Verify that the text is visible against any background colors or shaded areas.

Text is easiest to read when there is adequate contrast between the text and the background. Black text on a white background gives the highest contrast. Light text on a dark background also offers good contrast.

Verify that the text on the form isn't too small.

Small text may occasionally be necessary, such as when you include fine print in your form template, or when you are labeling controls. However, in most cases, larger text is far more comfortable for the majority of people to read.

Use fonts and font effects judiciously.

Avoid using numerous fonts in the same form template. It can create a jarring, disjointed effect. A good guideline is to keep it simple by using a maximum of three fonts. Also, avoid cartoonish fonts, because these tend to look unprofessional in a business form.

Verify that text is readable when viewed in high-contrast color schemes.

Some people with low vision opt to use a high-contrast color scheme to heighten the color contrast of some text and images on the computer screen. This makes those items more distinct and easier to identify. Check your form template by using the various high-contrast color schemes to make sure that the form template is usable in this mode. To learn how to turn a high-contrast color scheme on or off, refer to the Help system for your operating system.

Consider whether text is scannable.

If your form template contains a large amount of text, you can help your users by ensuring that the text is scannable. For example, if you include lengthy Help instructions on a form template, use numbered or bulleted lists instead of big blocks of text, because lists are often easier to scan and digest.

Verify that you are using font effects appropriately.

Use bold, italic, and other font effects sparingly, if you use them at all. For example, italic text is often quite difficult to read on the screen, especially when it is used with certain fonts. Similarly, too much bold text detracts from the overall message of the text.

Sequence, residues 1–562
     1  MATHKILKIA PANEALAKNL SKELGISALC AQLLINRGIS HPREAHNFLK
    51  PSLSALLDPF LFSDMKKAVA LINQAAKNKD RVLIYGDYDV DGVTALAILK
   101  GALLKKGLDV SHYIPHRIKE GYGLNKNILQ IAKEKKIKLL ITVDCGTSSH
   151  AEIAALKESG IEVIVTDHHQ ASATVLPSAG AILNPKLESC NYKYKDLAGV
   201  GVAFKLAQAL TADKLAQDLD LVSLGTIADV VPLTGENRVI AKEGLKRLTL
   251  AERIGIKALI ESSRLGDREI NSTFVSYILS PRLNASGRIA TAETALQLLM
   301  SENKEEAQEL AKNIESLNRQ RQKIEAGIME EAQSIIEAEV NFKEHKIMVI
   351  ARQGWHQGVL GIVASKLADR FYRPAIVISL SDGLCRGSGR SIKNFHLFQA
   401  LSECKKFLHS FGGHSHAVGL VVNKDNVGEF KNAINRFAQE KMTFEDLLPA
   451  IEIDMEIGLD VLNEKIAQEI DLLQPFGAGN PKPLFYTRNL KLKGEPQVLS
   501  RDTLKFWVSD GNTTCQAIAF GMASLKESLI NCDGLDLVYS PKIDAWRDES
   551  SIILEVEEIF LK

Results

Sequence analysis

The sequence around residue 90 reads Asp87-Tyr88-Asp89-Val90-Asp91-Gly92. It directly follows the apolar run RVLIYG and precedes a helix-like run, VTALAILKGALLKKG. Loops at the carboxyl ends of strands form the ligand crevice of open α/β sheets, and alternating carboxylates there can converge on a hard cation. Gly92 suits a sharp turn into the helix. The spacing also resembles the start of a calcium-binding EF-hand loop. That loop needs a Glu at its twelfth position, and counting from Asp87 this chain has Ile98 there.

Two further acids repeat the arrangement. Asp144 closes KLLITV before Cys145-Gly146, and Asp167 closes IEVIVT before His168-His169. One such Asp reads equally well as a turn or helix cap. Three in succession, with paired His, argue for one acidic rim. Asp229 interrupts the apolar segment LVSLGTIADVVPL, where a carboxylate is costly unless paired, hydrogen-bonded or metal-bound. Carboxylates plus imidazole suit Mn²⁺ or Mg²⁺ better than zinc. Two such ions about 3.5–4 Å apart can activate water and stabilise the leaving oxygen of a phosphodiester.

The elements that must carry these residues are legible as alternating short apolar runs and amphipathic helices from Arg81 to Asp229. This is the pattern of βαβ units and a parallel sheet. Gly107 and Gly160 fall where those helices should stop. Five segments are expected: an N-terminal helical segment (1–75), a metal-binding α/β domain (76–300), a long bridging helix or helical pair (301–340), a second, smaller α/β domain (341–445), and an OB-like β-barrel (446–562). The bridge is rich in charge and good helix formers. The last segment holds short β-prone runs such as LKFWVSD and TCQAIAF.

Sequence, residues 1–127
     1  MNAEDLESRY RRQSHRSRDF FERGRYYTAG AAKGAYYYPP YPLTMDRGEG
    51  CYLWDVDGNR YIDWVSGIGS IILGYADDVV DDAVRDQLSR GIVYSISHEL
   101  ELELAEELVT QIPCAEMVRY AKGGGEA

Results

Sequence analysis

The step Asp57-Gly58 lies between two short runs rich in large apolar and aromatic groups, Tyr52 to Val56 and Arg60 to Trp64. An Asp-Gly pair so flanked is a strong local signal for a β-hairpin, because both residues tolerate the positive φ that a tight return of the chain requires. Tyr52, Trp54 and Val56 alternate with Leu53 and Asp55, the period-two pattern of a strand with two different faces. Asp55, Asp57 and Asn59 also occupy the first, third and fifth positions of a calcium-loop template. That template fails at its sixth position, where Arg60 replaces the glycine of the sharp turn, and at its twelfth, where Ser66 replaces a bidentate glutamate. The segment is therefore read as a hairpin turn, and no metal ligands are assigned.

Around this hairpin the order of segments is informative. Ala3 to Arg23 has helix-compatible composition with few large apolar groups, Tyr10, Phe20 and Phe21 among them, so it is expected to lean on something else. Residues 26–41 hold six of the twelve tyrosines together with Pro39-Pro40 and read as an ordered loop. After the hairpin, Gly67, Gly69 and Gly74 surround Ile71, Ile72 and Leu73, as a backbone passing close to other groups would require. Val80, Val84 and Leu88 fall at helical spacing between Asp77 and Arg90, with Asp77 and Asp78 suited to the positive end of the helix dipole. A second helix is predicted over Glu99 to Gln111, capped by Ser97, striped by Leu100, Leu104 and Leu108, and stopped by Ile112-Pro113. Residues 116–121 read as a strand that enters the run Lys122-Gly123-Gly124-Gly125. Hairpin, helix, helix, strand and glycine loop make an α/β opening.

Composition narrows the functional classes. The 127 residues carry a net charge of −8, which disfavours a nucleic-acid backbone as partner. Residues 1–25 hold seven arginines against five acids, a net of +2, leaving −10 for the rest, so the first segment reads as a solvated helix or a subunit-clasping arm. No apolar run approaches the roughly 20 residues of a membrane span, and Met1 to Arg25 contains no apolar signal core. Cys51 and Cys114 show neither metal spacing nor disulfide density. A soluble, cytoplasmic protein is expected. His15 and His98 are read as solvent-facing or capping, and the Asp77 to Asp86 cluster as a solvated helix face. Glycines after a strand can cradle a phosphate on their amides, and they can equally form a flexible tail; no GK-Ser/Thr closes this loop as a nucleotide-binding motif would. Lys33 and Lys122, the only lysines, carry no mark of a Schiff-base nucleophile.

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Check list for using logos and other images

Images are another way for you to customize and add style to your form template. For example, including a company logo can help brand your form template.

When using images in your design, keep the following guidelines in mind.



Verify that images adequately identify the company or the form template's purpose.

Whether the image is simply a visual cue (such as a company logo) or is used to convey important information (like a data chart), make sure your audience can understand its purpose.

Verify that images are appropriately sized and positioned.

Make sure that the size of the image and its location on the form template do not hinder users as they fill out the form template.

Verify that images are culturally sensitive.

For example, photos that include hand gestures can be offensive. Maps and flags can also be sensitive images. If the image includes people, consider showing a range of ethnicities and both genders.

Use images judiciously.

Including excessive or unnecessary images can make your form template look cluttered and unorganized, which ultimately detracts from your form template's overall appearance and effectiveness.

Verify that images include alternative text, and the alternative text makes sense when read out loud.

Alternative text helps those who can't see the image on the screen. For example, alternative text is beneficial to people who rely on screen review utilities to read out information on the screen or to those who use text-only browsers to view a browser-enabled form template.

Verify that images are saved in an appropriate file format.

Large image files can increase the time that it takes the form to open. Certain file formats produce files that are much larger than others. For example, a file saved as a bitmap (.bmp) or Tagged Image File Format (TIFF) file is significantly larger than the same file saved as a JPEG, GIF, or PNG file. The JPEG format is generally best for photographs or other complex images. The GIF or PNG formats are often ideal for line drawings, logos, illustrations, charts, and diagrams.

Verify that images are not copyright-protected.

Because so many images are easily accessible on the Internet, you might be tempted to use any image that you see. Unfortunately, many of these images are protected by copyrights, and you need permission before you can use them in your form templates. However, there are several sites, such as Bing Image Search, that, when you use the copyright license filter, you can use their clips and pictures as long as you agree to their terms of use.

Don't rely on images alone to convey important information.

Just as you should not rely on color alone to convey critical information to users, you should not rely solely on images. Users might not be able to see the images in your form template. For example, they might turn off images in the browser to speed up performance when viewing your form in a browser, or they might have low vision, which prevents them from actually seeing the image on the screen.